GMB Question To Governor Of Bank Of England At TUC Congress Exposed No Recovery When Unemployment Fell To 7%
Monetary Policy Committee saw too many without a job, or on zero hours contracts, or in false self-employment, or looking for more hours and a lack of productivity growth in the economy says GMB.
At the TUC Congress in Liverpool on Tuesday 9th September during a Q&A a GMB delegate asked Mark Carney, Governor of the Bark of England a question on interest rates as follows:
Cath Murphy (GMB Scotland): You said that when the unemployment rate fell below 7% interest rates would rise as part of an economic strategy on inflation. You did not follow that through. Is this because of the impact that a rise in interest rates would have on millions of working people, or is it something to do with the pressures politically not to support interest rates this side of an election?
Mark Carney replied as follows: Just on interest rates and politics, which is the way I would term it, the first thing to say is that we are absolutely indifferent to the political cycle, to who is in government, who might be in government and who was in government. We are given a specific mandate. It is, basically, unchanged since 1997 to achieve that 2% inflation target, and we manage monetary policy in order to achieve that. If we need to raise interests rates before, or lower them for that matter, a vote, an election or referendum, we will do what is necessary in order to achieve that target. We are technocrats and we do what is necessary.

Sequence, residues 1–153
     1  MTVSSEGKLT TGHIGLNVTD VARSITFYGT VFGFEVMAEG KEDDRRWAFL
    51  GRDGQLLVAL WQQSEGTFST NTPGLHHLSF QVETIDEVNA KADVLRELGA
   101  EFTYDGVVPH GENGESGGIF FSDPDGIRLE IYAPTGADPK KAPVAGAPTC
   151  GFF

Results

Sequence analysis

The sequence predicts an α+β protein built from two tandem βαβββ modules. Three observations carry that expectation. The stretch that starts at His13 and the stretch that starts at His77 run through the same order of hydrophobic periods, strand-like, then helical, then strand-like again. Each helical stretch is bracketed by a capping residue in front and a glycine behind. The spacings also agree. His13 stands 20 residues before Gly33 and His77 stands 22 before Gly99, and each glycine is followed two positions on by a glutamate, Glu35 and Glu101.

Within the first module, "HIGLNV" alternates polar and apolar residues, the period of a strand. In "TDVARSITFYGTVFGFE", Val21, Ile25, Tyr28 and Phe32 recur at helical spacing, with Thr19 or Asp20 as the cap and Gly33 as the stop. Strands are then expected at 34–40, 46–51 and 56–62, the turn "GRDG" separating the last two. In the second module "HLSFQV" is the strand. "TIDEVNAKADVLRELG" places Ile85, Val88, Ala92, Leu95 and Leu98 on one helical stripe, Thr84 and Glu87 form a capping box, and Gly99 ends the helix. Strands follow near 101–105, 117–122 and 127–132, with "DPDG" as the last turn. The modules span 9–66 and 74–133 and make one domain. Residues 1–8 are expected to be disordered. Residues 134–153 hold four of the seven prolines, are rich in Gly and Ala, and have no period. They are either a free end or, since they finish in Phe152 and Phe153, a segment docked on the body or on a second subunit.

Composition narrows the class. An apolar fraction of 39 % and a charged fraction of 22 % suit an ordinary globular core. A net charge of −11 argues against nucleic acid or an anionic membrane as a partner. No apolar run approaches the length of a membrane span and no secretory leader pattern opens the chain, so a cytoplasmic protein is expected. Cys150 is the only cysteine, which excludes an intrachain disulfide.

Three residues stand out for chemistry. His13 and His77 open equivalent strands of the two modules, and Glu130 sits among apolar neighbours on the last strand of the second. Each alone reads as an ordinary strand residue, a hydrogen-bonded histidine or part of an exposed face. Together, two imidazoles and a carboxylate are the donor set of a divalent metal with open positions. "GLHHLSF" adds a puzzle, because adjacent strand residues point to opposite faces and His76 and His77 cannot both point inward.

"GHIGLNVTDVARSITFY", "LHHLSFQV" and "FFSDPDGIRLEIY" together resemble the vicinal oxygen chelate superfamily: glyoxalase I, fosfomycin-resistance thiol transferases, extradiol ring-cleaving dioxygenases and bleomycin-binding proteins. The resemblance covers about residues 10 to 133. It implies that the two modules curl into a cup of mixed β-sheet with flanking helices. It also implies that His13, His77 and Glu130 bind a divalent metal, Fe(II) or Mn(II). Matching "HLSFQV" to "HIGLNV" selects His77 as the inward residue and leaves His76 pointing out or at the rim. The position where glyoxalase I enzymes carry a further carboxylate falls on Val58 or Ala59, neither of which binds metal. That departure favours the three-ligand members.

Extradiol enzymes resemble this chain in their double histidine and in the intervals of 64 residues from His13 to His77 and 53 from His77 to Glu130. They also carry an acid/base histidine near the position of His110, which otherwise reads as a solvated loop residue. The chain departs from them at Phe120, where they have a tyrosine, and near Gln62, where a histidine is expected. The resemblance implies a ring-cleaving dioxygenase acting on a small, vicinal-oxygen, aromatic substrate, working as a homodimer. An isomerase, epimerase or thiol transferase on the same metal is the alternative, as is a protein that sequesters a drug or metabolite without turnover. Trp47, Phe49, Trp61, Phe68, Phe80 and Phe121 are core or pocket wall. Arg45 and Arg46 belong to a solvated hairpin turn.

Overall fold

If you don’t mind, I just want to clarify one thing. I think most people are clear on this, but our commitment was not to raise interest rates at least until unemployment got to 7%, because we wanted to secure that recovery. What we said that once the unemployment rate got to 7% we would then look around, take stock and decide where monetary policy needed to go. When we looked around and took stock, we saw a lot more people who wanted to work than had jobs, we saw a lot of people working part-time who wanted to work full-time, we saw a lot of people who were working as self-employed who wanted to be in regular employment and we saw a lot of people on zero-hours contracts. We saw a lot of flexibility and additional capacity in the labour market. It did not make sense to raise interest rates was our judgment then, and it has been absolutely vindicated by the performance of the economy since.
Paul Kenny, GMB General Secretary, commented on the reply as follows: “It was a brilliant question from GMB’s Cath Murphy which exposed the Governor.
He admitted that when the unemployment rate fell to 7% the Monetary Policy Committee looked at the real economy and saw that there were too many people without a job, too many people on zero hours contracts, too many people in false self-employment who didn’t want to be there, too many people in part time jobs looking for more hours and a lack of productivity growth in the economy.
The Monetary Policy Committee concluded that there had been no recovery that would justify an interest rate rise and realised that the spin was exposed.
The Governor admitted that the people in jobs had paid the price. He agreed that Britain needs a pay rise. Where GMB part company with the Governor is that British companies are cash rich, sitting on the biggest pile of cash they have had for years. These companies can well afford a pay rise for their workers before a rise in interest rates.”
Contact: Kamaljeet Jandu on 07956 237 178 or Lisa Johnson 07900 392 228 or GMB Press Office: 07921 289880 or 07974 2